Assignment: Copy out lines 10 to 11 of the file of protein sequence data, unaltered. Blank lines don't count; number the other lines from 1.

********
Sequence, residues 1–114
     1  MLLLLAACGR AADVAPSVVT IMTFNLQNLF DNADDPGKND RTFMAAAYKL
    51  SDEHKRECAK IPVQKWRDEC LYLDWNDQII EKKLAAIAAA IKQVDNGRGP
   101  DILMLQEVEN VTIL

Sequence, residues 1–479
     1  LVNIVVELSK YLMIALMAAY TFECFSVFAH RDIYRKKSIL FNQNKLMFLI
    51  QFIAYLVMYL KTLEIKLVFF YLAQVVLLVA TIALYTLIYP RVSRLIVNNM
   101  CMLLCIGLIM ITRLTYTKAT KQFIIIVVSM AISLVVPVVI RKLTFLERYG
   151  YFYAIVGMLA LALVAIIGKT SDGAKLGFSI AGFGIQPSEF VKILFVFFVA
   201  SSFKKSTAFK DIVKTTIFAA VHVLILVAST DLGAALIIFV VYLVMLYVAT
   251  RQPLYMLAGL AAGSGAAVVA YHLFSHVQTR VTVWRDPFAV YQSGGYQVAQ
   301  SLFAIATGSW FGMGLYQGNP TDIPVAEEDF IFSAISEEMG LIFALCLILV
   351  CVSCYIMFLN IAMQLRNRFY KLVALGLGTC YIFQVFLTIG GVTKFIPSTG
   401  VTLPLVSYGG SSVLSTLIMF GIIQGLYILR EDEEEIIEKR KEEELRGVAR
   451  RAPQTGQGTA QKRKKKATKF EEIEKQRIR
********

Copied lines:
   201  SSFKKSTAFK DIVKTTIFAA VHVLILVAST DLGAALIIFV VYLVMLYVAT
   251  RQPLYMLAGL AAGSGAAVVA YHLFSHVQTR VTVWRDPFAV YQSGGYQVAQ